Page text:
The St. Louis Cardinals talked about how hard they played until the end against the Cubs, claiming a moral victory, yet another sign of how much this rivalry has changed.
“Do something!” is always the natural reaction when a team struggles, even one with the best record in baseball, even when a three-time Manager of the Year fills out the lineup card, and even coming off a 97-win season and an all-out winter.
But scoring 21 runs within 23 hours against the Cardinals on Tuesday and Wednesday again showed how the Cubs were built (and how much St. Louis might miss John Lackey). The next time the Cubs fail to hit with runners in scoring position, or get shut out by a Madison Bumgarner, or experience a three-game losing streak, those offensive answers will have to come from within.
“No question,” general manager Jed Hoyer.
Between the final out of the National League Championship Series and getting swept by the New York Mets last October – and their first Cactus League game this spring – the Cubs committed $253 million combined to Ben Zobrist, Jason Heyward and Dexter Fowler.
The Cubs have gone 4-for-4 with hitters in their top draft picks – Albert Almora, Kris Bryant, Kyle Schwarber and Ian Happ – every year since president Theo Epstein took over baseball operations at Wrigley Field. Plus taking Javier Baez with the ninth overall pick in the 2011 draft during the final weeks of the Jim Hendry regime.
The Cubs invested $30 million in the Cuban market to sign Jorge Soler and used pitching trade chips (Andrew Cashner and Jeff Samardzija) to acquire half of their infield (Anthony Rizzo and Addison Russell) potentially through the 2021 season.
Rizzo is coming off a 3-for-35 road trip where the Cubs lost series to the Milwaukee Brewers and San Francisco Giants before closing strong in St. Louis. But Rizzo is also so much more mature and competitive than the overmatched hitter Hoyer rushed to the big leagues in 2011 with the San Diego Padres.
“As he goes, sometimes offensively we go,” Hoyer said. “With Anthony, when he’s good, he can carry you for a week to 10 days. He’ll get it going again. He knows he’s good now. He knows he can do it. When he goes to bed at night, he knows he’s an All-Star first baseman.
“That’s important when a guy’s going through a slump, that they have that confidence in themselves. (Now) it’s just a matter of that one swing that’ll click.”
Imagine what manager Joe Maddon described as “the butterfly effect” on the lineup once Heyward (.596 OPS) starts hitting the ball with authority to augment all the other subtle aspects of his game.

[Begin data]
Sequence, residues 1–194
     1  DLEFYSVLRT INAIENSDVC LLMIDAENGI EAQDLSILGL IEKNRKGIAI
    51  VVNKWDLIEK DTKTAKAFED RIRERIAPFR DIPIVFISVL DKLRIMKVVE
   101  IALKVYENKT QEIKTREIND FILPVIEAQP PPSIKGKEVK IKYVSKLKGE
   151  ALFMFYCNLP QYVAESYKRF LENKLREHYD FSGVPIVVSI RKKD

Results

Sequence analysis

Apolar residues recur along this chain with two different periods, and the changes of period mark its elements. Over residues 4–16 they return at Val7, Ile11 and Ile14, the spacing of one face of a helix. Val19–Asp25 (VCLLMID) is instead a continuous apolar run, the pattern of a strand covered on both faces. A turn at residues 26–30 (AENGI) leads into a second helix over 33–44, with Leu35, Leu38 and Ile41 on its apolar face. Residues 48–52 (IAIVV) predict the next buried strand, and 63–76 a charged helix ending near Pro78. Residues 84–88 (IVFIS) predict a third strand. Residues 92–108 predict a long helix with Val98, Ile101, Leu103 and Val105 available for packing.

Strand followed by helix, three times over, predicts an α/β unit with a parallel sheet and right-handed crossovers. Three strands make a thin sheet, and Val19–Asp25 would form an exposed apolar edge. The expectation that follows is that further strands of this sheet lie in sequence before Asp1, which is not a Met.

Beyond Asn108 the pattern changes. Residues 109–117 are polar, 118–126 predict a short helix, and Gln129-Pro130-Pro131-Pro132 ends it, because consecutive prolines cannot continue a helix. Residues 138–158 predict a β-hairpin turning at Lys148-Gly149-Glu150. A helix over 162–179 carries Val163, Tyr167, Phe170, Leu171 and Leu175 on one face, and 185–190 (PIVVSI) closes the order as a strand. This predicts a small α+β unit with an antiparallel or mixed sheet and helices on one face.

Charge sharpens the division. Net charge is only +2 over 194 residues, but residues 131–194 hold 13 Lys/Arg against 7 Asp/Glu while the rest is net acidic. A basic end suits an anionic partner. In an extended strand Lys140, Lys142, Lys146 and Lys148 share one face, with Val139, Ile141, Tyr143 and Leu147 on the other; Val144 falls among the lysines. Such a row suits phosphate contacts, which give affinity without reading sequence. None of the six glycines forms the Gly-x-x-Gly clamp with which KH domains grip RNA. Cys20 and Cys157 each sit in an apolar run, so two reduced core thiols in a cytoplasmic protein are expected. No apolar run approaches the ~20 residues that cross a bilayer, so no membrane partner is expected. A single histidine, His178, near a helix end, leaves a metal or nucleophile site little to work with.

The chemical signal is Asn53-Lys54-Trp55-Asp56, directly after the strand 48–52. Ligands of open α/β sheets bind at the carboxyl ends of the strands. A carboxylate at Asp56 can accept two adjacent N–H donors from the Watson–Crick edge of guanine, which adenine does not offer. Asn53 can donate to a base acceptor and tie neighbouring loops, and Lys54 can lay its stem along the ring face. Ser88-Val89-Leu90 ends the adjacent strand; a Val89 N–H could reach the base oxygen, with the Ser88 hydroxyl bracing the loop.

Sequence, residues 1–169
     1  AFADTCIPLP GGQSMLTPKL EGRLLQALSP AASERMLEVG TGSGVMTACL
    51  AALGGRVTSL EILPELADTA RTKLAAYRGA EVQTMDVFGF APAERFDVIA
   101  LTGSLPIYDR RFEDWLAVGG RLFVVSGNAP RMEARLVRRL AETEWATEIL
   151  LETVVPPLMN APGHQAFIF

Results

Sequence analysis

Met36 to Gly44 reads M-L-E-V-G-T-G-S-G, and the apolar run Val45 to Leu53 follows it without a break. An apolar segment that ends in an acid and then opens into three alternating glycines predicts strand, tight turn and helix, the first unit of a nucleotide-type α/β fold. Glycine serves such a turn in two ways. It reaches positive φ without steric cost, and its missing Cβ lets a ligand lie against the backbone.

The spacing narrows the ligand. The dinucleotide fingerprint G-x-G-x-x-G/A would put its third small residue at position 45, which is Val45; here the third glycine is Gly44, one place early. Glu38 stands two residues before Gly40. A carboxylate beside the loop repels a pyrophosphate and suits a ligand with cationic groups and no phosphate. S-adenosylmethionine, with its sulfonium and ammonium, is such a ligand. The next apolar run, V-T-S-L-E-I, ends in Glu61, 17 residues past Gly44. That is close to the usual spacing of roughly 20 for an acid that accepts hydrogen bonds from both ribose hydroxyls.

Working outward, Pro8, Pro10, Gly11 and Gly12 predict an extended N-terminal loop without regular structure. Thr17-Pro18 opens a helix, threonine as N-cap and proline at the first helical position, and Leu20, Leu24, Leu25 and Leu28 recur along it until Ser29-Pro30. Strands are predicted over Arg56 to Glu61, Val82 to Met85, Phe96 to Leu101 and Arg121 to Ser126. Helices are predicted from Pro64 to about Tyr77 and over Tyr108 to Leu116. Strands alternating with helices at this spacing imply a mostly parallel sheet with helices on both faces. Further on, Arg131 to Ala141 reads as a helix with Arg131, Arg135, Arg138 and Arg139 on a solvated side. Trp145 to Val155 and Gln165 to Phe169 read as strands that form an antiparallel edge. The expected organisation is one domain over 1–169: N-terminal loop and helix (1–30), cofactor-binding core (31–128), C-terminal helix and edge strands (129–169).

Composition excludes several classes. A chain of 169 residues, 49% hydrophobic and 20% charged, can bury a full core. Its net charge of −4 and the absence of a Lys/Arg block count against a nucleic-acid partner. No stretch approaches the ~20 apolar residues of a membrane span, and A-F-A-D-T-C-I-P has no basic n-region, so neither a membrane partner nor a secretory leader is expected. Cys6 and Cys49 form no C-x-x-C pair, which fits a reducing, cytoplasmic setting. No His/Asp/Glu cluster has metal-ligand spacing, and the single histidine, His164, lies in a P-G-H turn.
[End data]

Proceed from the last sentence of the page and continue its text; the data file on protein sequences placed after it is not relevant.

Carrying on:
“He’s just a winning player,” Hoyer said. “Our players know that. He has that presence. Offensively, he’s been a slow starter like three of the last four years. There’s no question he’ll get it going.
“Once he (does), I think everyone will see the kind of player he’s been for most of his career. Everyone appreciates the defense and the baserunning. But the offense is a big part of that, too, and it will come here very shortly.”
If Heyward can’t be measured by batting average and RBIs, then the Cubs also dug into Zobrist’s peripheral numbers and underlying performance and found the super-utility guy had actually gotten better with age.
Zobrist turned 35 on Thursday and is hitting .346 and leading the majors with a .453 on-base percentage in the first season of a four-year contract.
“We love youth, (but) having some veterans is important,” Hoyer said. “With Ben, we felt like his skill set matched us perfectly. But we did really dig into the numbers to make sure that was the case.
“One of the things we look at is his ability to hit fastballs – it’s kind of gotten better and better throughout his career. Guys that can still hit a really good fastball don’t show a lot of signs of aging.”
It will be impossible to match the infusion of youth and energy Schwarber brought to the Cubs last summer, when he hit 16 homers in 69 games plus five more during the playoffs.
The Cubs are 31-14 with Schwarber getting only five plate appearances during the first week of the season and now recovering from major knee surgery.
Schwarber comparisons are unrealistic/unfair, but the next wave at Triple-A Iowa includes Almora, a potential Gold Glove center fielder who’s hitting .326 and top catching prospect Willson Contreras (.933 OPS).
“We knew we were going to miss Kyle,” Hoyer said. “There’s no question about that. You take a guy like Kyle (away) – that’s like taking Michael Conforto out of the Mets’ lineup.
“He’s that good a left-handed hitter. He kills right-handed pitching. We knew we were going to miss it. I think our guys have done a great job of filling that hole.
“As for Contreras and Almora, I look at those two guys and I think there’s a little development left. We know that they’re doing a great job at Triple-A. If the need arises, those are guys that might get forced into action.
“But right now, we want those guys developing. Obviously, if the major-league team needs that player at that moment, (Kyle) will be the precedent. But right now, I think they’re still developing, still learning.”
A 10-game homestand begins Friday afternoon against the rebuilding Philadelphia Phillies at Wrigley Field. As the Cardinals know by now, the Cubs are no longer a franchise that keeps score with minor-league updates or prospect rankings or moral victories.